Using ufw show added

The ufw show added command allows you to see rules that have been added by the user, offering a focused view of custom configurations.

sudo ufw show added

This command lists all the rules that have been explicitly added by the user, which can be useful for auditing recent changes or troubleshooting issues.


Rule added: allow from to any port 22
Rule added: allow 53/tcp

The output displays user-added rules in the order they were added, providing a clear history of custom rule configurations.

Using ufw show raw

For users who need to see the raw iptables rules, ufw show raw is the command to use.

sudo ufw show raw

This command outputs the raw iptables rules that UFW manages, offering a detailed and technical view of the firewall configuration.


Chain INPUT (policy DROP)
target     prot opt source       destination
ACCEPT     tcp  --  anywhere     anywhere       tcp dpt:ssh /* allow SSH */
ACCEPT     udp  --  anywhere     anywhere       udp dpt:domain /* allow DNS*/
DROP       all  --  anywhere     anywhere       /* deny all other traffic */

Chain OUTPUT (policy ACCEPT)
target     prot opt source       destination

The output includes the underlying iptables rules, which can be useful for advanced users who need to understand or troubleshoot low-level firewall behavior.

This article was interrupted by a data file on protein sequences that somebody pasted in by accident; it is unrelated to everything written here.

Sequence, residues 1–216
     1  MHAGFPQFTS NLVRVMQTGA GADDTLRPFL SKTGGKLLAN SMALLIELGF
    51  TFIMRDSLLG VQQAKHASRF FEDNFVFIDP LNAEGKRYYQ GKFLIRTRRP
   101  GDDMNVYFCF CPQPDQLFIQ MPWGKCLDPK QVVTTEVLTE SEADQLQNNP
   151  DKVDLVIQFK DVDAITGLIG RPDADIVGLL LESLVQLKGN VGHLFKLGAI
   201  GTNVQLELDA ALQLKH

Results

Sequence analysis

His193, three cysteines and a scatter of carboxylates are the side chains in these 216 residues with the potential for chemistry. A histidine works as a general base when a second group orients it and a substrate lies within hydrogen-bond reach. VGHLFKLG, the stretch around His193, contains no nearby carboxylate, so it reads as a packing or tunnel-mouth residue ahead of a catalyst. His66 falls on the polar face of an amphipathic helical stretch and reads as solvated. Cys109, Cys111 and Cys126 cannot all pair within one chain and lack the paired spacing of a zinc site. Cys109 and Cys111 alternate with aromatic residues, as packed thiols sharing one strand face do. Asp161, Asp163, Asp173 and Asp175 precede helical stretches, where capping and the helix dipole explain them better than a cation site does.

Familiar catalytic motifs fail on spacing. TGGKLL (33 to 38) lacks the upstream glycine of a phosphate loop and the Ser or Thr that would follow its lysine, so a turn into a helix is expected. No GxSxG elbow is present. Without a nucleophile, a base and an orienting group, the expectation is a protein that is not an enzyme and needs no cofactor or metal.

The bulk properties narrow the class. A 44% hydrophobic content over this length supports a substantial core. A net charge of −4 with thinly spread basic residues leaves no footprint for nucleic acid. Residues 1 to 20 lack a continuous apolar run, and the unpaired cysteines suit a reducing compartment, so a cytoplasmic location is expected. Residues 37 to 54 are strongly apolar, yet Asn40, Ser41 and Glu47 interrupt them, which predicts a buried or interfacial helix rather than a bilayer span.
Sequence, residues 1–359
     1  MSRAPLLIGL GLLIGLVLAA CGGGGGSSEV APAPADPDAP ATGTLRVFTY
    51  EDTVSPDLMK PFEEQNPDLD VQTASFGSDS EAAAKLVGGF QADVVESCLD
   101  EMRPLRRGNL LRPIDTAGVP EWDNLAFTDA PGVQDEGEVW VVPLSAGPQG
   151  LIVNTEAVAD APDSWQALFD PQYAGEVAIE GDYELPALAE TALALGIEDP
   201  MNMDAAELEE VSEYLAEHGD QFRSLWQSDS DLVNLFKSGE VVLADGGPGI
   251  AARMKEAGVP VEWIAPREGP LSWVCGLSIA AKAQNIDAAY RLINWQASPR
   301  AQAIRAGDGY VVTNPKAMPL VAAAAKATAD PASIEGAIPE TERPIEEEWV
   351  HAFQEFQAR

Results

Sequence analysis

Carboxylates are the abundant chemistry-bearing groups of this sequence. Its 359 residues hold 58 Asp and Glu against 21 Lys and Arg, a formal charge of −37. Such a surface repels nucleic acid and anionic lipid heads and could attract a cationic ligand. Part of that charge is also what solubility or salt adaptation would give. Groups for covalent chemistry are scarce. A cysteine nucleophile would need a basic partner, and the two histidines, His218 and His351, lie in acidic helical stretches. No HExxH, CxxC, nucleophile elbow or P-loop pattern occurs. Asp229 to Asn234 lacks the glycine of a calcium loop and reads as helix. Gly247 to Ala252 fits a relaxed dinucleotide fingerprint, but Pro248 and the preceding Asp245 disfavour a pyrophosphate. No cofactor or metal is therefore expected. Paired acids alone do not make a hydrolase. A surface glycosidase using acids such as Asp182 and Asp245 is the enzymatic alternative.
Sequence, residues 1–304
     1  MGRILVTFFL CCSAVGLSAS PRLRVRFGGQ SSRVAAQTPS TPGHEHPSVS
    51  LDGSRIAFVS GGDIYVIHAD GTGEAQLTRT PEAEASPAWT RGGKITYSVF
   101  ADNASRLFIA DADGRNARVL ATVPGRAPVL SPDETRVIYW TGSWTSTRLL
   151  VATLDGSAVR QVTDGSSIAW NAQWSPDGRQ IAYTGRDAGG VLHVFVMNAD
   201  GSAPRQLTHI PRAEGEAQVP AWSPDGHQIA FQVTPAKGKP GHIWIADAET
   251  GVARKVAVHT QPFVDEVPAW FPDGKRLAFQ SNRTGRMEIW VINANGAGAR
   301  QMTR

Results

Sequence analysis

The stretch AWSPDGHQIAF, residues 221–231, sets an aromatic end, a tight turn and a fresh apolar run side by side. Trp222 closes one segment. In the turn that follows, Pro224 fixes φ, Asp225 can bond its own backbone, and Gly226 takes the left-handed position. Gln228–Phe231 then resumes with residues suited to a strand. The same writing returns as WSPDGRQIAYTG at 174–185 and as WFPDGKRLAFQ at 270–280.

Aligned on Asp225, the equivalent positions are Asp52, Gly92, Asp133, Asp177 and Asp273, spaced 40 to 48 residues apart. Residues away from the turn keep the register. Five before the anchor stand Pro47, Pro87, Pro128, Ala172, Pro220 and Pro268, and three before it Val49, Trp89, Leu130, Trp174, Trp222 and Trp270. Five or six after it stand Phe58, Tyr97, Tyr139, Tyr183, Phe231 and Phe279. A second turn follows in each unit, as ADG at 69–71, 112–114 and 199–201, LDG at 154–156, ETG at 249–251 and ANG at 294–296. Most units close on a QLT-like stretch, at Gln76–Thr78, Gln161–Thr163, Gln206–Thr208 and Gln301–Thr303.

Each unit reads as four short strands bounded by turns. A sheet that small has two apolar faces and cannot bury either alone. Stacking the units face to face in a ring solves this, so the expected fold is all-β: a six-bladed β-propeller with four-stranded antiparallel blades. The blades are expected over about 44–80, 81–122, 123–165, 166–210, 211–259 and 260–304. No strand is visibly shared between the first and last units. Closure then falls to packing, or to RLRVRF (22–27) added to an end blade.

How to Delete UFW Firewall Rules

Managing firewall rules often involves not only creating new rules but also removing outdated or unnecessary ones. UFW provides straightforward methods to delete firewall rules, ensuring that your firewall configuration remains streamlined and aligned with your security policies.

Using Rule Numbers

One of the simplest ways to delete a specific firewall rule in UFW is by referencing its rule number. This method is particularly useful when you have listed your rules using the ufw status numbered command.

sudo ufw delete [number]

Replace [number] with the specific rule number obtained from ufw status numbered.


sudo ufw status numbered


Status: active

     To                         Action      From
     --                         ------      ----
[ 1] 22/tcp                     ALLOW IN    Anywhere
[ 2] 80/tcp                     ALLOW IN    Anywhere

Then, delete a specific rule by referencing its number:

sudo ufw delete 2

This command deletes the firewall rule corresponding to the specified rule number. It’s efficient for removing individual rules without affecting other configurations.

Using Full Rule Syntax

For more precise control over which rule to delete, especially when the rule number is not known, you can use the full rule syntax.

sudo ufw delete [rule]

Replace [rule] with the full rule you want to delete. This includes the entire specification of the rule as it was added.


sudo ufw delete allow from to any port 22

This command deletes the specific firewall rule based on its complete syntax. It’s useful when you know the exact details of the rule you wish to remove, such as IP addresses, ports, and protocols.


Managing firewall rules with UFW (Uncomplicated Firewall) is essential for maintaining robust network security and controlling traffic flow effectively. Throughout this guide, we’ve explored the fundamental aspects of listing and deleting UFW firewall rules, emphasizing the importance of these tasks in maintaining a secure and well-organized network environment.